Tens of thousands of students in New York boycotted the annual state-mandated English Language Arts exams this week in a grassroots challenge to Governor Andrew Cuomo's controversial education agenda.
Organizers, including educational advocacy group United to Counter the Core, said at least 155,000 students opted out of the tests on Thursday, with only half of the state's districts tallied. That figure is up from 112,763 on Wednesday—and up from 49,000 last year. Testing began on Tuesday.
The revolt is in response to what parents, students, and activists say is a political takeover of educational standards—seen at the national level as well—that pushes a focus on standardized exams and a Common Core curriculum, developed by a secretive for-profit company, that compromises learning for test preparation.
In late March, Cuomo approved a budget that included many divisive revisions to the state education agenda, including teacher evaluations based partly on test scores, which critics say take too long , are too vague to be accurate, and fail to measure real learning.
Investigative journalist Juan Gonzalez explained the concerns over the increased focus on testing in his column for the New York Daily News:
The politicians created a test that says all schools are failing, not just the ones in the big cities, then declare a crisis, so they can close more neighborhood schools, launch more charter schools, and target more teachers for firing.
Meanwhile, the private company that fashioned this new test, Pearson, insists on total secrecy over its content.
As Democracy Now! reports, in January, as Cuomo held town hall meetings with parents in New York who voiced a number of frustrations over the proposed curriculum, special education teacher Jia Lee testified before U.S. Congress about the growing number of parents opting their children out of the yearly exams.
"In New York state, at least, these tests have changed from year to year," Lee said during her testimony. "When parents and educators have voiced concerns, they’ve been accused of coddling. I want to challenge that assumption.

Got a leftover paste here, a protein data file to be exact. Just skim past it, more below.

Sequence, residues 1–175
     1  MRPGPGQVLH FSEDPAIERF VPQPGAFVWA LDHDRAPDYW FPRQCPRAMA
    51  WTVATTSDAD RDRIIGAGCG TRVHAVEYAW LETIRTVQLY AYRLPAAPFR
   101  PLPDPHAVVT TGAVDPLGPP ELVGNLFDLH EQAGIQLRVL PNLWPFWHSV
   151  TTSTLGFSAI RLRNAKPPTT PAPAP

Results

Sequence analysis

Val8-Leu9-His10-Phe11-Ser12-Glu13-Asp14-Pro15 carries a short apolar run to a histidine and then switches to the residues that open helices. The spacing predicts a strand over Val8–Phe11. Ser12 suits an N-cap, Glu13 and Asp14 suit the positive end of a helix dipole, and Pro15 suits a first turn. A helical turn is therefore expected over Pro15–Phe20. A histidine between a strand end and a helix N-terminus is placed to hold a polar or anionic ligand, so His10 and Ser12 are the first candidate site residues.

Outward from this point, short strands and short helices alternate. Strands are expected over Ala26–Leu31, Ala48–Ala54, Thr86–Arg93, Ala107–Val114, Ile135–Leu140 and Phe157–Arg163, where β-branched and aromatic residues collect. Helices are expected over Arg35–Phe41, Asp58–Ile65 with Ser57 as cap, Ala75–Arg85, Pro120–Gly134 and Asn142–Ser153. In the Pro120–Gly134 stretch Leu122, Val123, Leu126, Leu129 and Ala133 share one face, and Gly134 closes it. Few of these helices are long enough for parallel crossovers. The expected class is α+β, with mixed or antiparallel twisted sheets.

"The great crime is that the focus on testing has taken valuable resources and time away from programming, social studies, arts and physical education, special education services and ELL [English language learners] programs," Lee said.
Toni Smith-Thompson, a New York parent whose child opted out of the tests this week, spoke with Democracy Now! on Friday, explaining why this year's protest reached its unprecedented size.
"[W]ith the addition of these high stakes attached to the teacher evaluations, really just took it over the top," Smith-Thompson said. "Kids started talking about, 'If I fail, my teacher will get fired.' And kids should not be put in that position."
Once Smith-Thompson and other parents in her district "had the information about what was in the tests, the length of the tests, like eight hours—plus, you know, for most schools, months of test prep—it was a no-brainer," she continued.
Cindy Rubino, a parent in Lakeland whose children also boycotted the tests, told USA Today that she was "thrilled" with the turnout.
"I do believe this is a historic day in New York state, as we try to regain local control over the education of our kids," Rubino said. "These refusals are meant to protest a system that is currently failing our children and educators."
A new round of testing, focused on math, is set to begin next Tuesday.